I'm in the midst of an argument with some coworkers over whether team ownership of the entire codebase is better than individual ownership of components of it.

I'm a huge proponent of assigning every member of the team a roughly equal share of the codebase. It lets people take pride in their creation, gives the bug screeners an obvious first place to assign incoming tickets, and helps to alleviate "broken window syndrome".

It also concentrates knowledge of specific functionality with one (or two) team members making bug fixes much easier.

Most of all, it puts the final say on major decisions with one person who has a lot of input instead of with a committee.

I'm not advocating for requiring permission if somebody else wants to change your code; maybe have the code review always be to the owner, sure. Nor am I suggesting building knowledge silos: there should be nothing exclusive about this ownership.

But when suggesting this to my coworkers, I got a ton of pushback, certainly much more than I expected.

So I ask the community: what are your opinions on working with a team on a large codebase? Is there something I'm missing about vigilantly maintaining collective ownership?

  • What's "broken window syndrome"? I'm not familiar with the term.
    – uman
    Commented Jan 4, 2011 at 23:49
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    Broken window syndrome: en.wikipedia.org/wiki/Broken_windows_theory
    – Pemdas
    Commented Jan 5, 2011 at 1:03
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    "It also concentrates knowledge of specific functionality with one (or two) team members" ... "Nor am I suggesting building knowledge silos". Isn't that a contradiction? To me, concentrating knowledge with one/two members is the definition of a knowledge silo.
    – sleske
    Commented Apr 22, 2015 at 9:17
  • This seems very similar to another question that came along a few years later.
    – Eric King
    Commented Dec 23, 2015 at 17:36

13 Answers 13


I believe that Team Ownership is much more beneficial in the long term.

You just need to look at the following 2 scenarios to understand why concentrating knowledge in minimum numbers of people is less than ideal:

  • Team member meets unfortunate accident
  • Team member meets better employment opportunity

Naturally, the person/people who write particular sections will have greater knowledge of it, but don't give in to the temptation to make them the sole silo of knowledge. Silos will give you short term wins by long-term pains.

Just because you don't have individual ownership of sections of code, since you wrote it, doesn't mean you will not still have the aspects of "pride in your creation", etc. I don't believe having team ownership will greatly diminish any personal feelings of ownership of code written.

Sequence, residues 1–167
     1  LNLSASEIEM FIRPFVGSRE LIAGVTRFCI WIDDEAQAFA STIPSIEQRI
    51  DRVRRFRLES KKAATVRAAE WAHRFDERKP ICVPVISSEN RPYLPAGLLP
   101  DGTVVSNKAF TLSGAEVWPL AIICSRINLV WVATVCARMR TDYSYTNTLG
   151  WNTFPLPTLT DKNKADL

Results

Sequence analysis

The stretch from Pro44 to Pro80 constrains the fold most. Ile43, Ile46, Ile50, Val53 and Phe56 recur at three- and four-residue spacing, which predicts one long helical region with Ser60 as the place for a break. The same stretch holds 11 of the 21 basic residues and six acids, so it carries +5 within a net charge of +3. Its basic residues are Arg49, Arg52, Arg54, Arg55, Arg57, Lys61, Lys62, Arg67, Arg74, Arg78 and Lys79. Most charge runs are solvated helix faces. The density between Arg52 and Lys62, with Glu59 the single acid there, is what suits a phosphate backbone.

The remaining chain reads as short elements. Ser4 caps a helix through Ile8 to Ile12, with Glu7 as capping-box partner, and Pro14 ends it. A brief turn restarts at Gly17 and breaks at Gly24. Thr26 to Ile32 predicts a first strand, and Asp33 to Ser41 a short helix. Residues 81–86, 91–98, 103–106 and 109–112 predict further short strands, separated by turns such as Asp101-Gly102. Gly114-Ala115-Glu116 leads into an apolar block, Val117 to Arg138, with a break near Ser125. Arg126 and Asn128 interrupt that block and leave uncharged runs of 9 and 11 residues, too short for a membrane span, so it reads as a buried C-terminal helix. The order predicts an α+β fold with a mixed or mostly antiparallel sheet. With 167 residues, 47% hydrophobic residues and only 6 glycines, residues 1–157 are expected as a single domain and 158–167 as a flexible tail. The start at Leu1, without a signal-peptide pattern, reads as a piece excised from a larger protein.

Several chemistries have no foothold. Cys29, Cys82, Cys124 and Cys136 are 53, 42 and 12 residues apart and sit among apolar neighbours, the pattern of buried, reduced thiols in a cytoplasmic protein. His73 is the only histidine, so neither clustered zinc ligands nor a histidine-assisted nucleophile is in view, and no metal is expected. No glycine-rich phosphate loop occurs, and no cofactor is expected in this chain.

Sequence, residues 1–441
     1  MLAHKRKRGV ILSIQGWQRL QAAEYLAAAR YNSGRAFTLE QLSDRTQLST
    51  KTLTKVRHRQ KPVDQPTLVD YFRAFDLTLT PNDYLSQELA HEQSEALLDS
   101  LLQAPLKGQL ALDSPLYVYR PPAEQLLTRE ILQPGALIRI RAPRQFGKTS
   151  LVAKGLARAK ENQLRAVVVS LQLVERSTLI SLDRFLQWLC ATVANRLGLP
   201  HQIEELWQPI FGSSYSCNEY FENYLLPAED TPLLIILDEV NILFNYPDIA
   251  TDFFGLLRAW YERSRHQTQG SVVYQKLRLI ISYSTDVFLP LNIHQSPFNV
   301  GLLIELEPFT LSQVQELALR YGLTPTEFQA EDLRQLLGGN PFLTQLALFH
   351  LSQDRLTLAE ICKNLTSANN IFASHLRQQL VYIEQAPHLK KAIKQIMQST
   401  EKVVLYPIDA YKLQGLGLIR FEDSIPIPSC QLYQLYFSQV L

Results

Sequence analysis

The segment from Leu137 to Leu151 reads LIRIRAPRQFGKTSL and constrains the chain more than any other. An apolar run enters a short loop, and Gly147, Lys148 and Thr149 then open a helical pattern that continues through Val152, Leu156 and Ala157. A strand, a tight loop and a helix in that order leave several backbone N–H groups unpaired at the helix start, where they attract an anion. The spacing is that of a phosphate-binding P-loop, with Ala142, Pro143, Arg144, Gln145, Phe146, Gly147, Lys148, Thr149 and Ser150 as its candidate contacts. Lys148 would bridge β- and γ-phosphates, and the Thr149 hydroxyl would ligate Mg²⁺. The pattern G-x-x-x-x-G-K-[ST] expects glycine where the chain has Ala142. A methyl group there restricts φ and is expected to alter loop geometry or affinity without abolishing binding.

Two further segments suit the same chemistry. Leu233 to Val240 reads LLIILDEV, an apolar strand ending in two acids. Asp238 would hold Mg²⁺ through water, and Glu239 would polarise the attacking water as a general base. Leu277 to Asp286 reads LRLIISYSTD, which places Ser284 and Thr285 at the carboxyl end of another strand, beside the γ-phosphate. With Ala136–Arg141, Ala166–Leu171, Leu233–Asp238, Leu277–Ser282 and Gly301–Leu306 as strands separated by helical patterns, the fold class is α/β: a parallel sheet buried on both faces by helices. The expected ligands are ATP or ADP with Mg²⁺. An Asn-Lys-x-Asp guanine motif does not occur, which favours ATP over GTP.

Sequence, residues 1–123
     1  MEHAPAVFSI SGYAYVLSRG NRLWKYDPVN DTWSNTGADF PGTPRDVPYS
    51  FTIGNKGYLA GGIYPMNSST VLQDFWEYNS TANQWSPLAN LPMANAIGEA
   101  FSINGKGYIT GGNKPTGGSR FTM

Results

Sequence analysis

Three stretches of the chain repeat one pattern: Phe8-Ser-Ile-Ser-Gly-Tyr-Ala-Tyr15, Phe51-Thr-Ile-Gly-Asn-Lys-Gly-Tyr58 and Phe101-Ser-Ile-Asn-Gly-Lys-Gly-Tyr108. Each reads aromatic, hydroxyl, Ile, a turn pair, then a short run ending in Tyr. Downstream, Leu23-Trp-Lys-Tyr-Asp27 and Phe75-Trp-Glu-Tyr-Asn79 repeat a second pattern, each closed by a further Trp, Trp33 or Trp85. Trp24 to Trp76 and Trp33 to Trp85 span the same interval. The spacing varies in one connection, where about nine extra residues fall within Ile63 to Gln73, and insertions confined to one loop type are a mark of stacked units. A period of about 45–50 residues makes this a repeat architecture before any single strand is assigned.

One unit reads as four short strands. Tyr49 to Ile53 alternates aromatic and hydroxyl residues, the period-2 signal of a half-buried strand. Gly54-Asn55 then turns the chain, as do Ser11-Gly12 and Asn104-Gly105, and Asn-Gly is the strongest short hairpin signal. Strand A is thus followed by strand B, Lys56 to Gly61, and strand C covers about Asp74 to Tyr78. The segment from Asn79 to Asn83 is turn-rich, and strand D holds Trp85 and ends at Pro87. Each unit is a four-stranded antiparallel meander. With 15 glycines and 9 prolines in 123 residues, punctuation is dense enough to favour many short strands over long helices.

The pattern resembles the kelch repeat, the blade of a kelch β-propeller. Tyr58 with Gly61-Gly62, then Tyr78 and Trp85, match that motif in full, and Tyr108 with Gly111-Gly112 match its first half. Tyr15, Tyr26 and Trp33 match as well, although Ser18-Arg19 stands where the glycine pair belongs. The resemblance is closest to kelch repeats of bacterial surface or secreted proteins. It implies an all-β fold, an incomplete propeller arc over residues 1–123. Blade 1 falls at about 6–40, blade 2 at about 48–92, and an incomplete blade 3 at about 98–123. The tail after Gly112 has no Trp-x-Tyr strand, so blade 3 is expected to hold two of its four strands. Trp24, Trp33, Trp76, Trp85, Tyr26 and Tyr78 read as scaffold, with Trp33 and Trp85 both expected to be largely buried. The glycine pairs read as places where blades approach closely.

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    From an OO perspective, both scenarios become: "Team member ain't around no mo'." Isn't "better employment op" just a subclass of "unfortunate accident?" Commented Jan 3, 2011 at 22:42
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    @Yar: yes, though I guess you could still ask someone who found "better employment" to come back for more money... no amount of money is going to bring him back from under a bus :-) Commented Jan 3, 2011 at 23:33
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    I encourage the devs in my group to ask/pair with the original author that way you get the faster bug fix along with some distribution of knowledge.
    – snakehiss
    Commented Jan 4, 2011 at 7:44
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    You know, this is one of those things that are so wonderful in theory but that rarely works in practice. It's because of the tragedy of the commons. If everything is everyone's responsibility, then nothing is anyone's responsibility because anything is someone else's responsibility. Psychologists call it "social loafing". You need a balance of individual responsibility and team responsibility. Commented Jan 4, 2011 at 21:38
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    I'd argue against that @Jason. If it is the case, you need better employees, smaller teams. Peer pressure should be able to keep that in check, as long as the team isn't a bunch of flakes. Team Ownership does not beget lack of individual responsibility. Commented Jan 4, 2011 at 21:47

Ultimately, the team owns the code. But for all of the reasons you mentioned, our software team has designated individual authors for specific portions of the code. Each author has primary responsibility for their portion of the code, and secondary responsibility for the code base as a whole.

If a problem with a part of the code base surfaces, I try to go back to the person who originally wrote the code for a fix. There is, of course, nothing preventing other team members from applying a fix; all team members are expected to be familiar with everyone else's code. But we always try to get a fix from the original author first. After all, they wrote the code; they are the one most familiar with it.

I have worked in team environments that, because people didn't feel a sense of ownership in what they wrote, they weren't compelled to write excellent code, but merely average code.

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    +1 For the point regarding better code quality due to a sense of ownership. That certainly does exist.
    – Orbling
    Commented Jan 3, 2011 at 23:20
  • +1 (+10 if I could): ownership affects code quality, not only because it gives a sense of pride and, with it, a stronger motivation, but also because it helps to manage code complexity, as explained very well in the essay "Holding a Program in One's Head", see paulgraham.com/head.html.
    – Giorgio
    Commented Aug 9, 2012 at 23:05

While I agree from a business stance on reasons to spread the knowledge about the product; reality is that an individual focusing their efforts on a given area of anything will, over time, become much more versed in the given area.

To ignore this is to ignore science. The brain unfortunately is unable to retain everything it encounters. It recalls what is valid and valuable at a given moment yet even that storage diminishes over time.